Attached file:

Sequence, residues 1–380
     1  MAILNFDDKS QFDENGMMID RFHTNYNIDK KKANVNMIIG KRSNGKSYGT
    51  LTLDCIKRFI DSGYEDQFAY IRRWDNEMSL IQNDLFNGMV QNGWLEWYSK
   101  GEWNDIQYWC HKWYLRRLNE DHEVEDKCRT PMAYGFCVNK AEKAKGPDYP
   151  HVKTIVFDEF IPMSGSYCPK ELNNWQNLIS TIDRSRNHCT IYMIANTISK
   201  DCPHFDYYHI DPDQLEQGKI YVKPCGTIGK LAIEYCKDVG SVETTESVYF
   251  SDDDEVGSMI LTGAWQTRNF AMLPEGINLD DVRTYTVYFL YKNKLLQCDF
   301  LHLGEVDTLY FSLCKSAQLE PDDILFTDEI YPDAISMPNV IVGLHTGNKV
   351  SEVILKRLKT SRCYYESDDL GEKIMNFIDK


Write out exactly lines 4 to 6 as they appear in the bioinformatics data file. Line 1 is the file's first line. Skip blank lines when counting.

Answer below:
   101  GEWNDIQYWC HKWYLRRLNE DHEVEDKCRT PMAYGFCVNK AEKAKGPDYP
   151  HVKTIVFDEF IPMSGSYCPK ELNNWQNLIS TIDRSRNHCT IYMIANTISK
   201  DCPHFDYYHI DPDQLEQGKI YVKPCGTIGK LAIEYCKDVG SVETTESVYF